THE STEPFATHER (2009)

Editor’s Note: This was originally published for FANGORIA on October 16, 2009, and we’re proud to share it as part of The Gingold Files.


Every horror fan has their own idea about the worst-case scenario and result when it comes to the remaking of a classic ’70s or ’80s fright film. Some rue the day Michael Bay grabbed the rights to The Texas Chainsaw Massacre; others can’t abide what Rob Zombie did with Halloween. For me, it was the day the team behind last year’s execrable Prom Night got their hands on the superb 1987 psychothriller The Stepfather. The result isn’t quite as awful as Prom, but it is a flat, one-dimensional movie that significantly dumbs down what was previously a provocative and genuinely chilling narrative.

It also robs the title character of the complexity and depth of the 1987 film’s Jerry Blake, played so memorably by Terry O’Quinn. David Harris (Dylan Walsh) also wants a perfect family, charms his way into the lives of widows or divorcees with kids and turns murderous when things don’t work out. But neither Walsh’s performance nor J.S. Cardone’s screenplay suggest the layers of buried psychosis and tortured history that O’Quinn and original scripter Donald E. Westlake teased out—not to mention the undercurrents of black humor—and there’s no underlying pathology behind David’s obsession. That’s made clear in the new movie’s restaging of the original’s opening sequence, in which David walks through a house strewn with the corpses of his latest wife and stepchildren. He stops along the way for a snack, and leaves a jar of peanut butter open on the counter—something the order-obsessed Jerry would never have approved of.

We’re then taken to a police squad room where cops and detectives discuss David’s case, history and m.o. in ridiculous and exacting detail, to make sure the dumbest teen in the audience understands exactly what’s going on. Part of the first Stepfather’s achievement was the way Westlake and director Joseph Ruben set up the title villain’s identity and methods from the get-go, yet twisted the foreknowledge into suspense rather than predictability. Stepfather ’09’s helmer Nelson McCormick and Cardone, on the other hand, have little to offer once they’ve set up the premise—no surprises or revelations, just the playing out of the inevitable conflict between David and teen hero Michael (Penn Badgley) once the latter has returned home from military school to find David sharing the house with his mom Susan (Sela Ward). (It should be noted that David’s not really Michael’s stepfather. David and Susan are only engaged, and planning their wedding—or at least, we have to take their word, as we never see them actually doing it—which is one of a few elements here that have actually been lifted from Stepfather II.)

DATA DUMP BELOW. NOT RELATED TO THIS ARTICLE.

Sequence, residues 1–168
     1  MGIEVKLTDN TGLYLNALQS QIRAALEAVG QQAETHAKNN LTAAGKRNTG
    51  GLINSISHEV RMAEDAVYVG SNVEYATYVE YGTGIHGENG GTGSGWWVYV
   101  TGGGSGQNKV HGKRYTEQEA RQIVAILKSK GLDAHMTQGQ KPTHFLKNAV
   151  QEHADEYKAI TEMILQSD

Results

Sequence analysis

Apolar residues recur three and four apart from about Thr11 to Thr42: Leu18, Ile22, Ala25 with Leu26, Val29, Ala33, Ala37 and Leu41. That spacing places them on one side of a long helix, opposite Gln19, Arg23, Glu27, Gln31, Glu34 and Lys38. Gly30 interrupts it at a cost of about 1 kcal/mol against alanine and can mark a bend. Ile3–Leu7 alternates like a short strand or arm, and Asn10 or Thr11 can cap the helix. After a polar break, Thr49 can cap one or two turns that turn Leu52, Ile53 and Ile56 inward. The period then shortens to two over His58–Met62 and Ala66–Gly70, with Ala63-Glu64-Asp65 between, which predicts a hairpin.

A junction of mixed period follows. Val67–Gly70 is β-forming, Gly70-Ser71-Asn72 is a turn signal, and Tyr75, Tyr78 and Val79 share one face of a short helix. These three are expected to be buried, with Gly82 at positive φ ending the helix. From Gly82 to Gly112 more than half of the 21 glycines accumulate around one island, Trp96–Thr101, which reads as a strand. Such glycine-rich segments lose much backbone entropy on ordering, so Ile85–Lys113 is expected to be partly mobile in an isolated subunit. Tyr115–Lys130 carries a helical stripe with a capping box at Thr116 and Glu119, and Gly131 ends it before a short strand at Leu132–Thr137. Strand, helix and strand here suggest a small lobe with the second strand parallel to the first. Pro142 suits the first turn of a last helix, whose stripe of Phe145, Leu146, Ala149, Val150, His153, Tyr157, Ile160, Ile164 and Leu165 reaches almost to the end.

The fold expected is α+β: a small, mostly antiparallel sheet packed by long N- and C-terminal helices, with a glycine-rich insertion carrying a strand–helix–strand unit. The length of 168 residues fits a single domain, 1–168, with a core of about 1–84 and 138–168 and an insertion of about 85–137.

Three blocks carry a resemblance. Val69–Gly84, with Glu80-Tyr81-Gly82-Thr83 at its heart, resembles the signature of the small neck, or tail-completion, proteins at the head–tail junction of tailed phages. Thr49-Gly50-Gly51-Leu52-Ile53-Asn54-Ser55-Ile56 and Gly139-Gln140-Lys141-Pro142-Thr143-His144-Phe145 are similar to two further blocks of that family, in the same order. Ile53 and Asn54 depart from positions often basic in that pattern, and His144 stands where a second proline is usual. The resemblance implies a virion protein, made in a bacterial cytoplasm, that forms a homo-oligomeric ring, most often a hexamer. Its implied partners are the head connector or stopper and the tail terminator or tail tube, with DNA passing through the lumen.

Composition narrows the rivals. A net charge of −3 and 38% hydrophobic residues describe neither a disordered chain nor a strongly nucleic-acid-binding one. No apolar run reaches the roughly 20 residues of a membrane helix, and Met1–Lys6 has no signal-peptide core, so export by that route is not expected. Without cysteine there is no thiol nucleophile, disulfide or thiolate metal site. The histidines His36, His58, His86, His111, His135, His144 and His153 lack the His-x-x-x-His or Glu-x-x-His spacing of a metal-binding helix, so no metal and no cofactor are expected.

Michael, needless to say, is suspicious of this guy whom his mom seems to have fallen for and invited into her home too quickly, and even as David turns on the full-court press to win him over, Michael maintains his doubts. He confides in his girlfriend Kelly (Amber Heard, decked out in a series of bikinis and similar skimpy outfits while given disappointingly little to do), but no one will believe Michael even as cracks appear here and there in David’s facade. Further complications arise when the “cat lady” next door sees a police sketch on America’s Most Wanted that surprisingly resembles David, and Susan’s ex-husband Jay (Jon Tenney) interferes in her new relationship. But with the exception of Jay’s scenes with David and Michael, the movie plays out with a dispiriting lack of energy and dramatic involvement. Everything develops and pays off just the way you know it will, and even when the movie occasionally suggests it’s going to get into edgy or interesting territory, it pulls back every time.

Same goes for The Stepfather’s negligible horror content. The setpieces in which David eliminates those who stand in his way are executed in a perfunctory, generic manner, and the direction as a whole falls back on conventions instead of going for the gusto or anything stylistically ambitious. Yes, there’s a cat scare, not really justified by the fact that it involves the aforementioned “cat lady,” and plenty of false-alarm jumps with loud stingers by composer Charlie Clouser, whose in-your-ear music is much more appropriate for the Saw films he scored than a subtler domestic suspenser. It’s a moot point by now to complain that the mayhem has been kept toned down for a PG-13, except to note that the similarly rated Disturbia wrung far more excitement out of its climactic action, to which the conclusion of The Stepfather owes a significant debt—while also throwing in an unflattering visual shout-out to Psycho.

The Stepfather is yet another remake that, with nothing to add to its predecessor or any ideas about how to adapt its material in interesting new directions, has no reason to exist. The only possible justification was the prior nonavailability of Ruben’s version on DVD, which makes it a tad ironic that the redux’s production inspired Shout! Factory’s special-edition disc (on which—full disclosure—I moderated Ruben’s commentary). Perhaps Badgley’s young fans from Gossip Girl will get some thrills or kicks here—but when a movie trading on the success of a previous feature can only possibly be enjoyed by those who have never seen it, you know something’s wrong.

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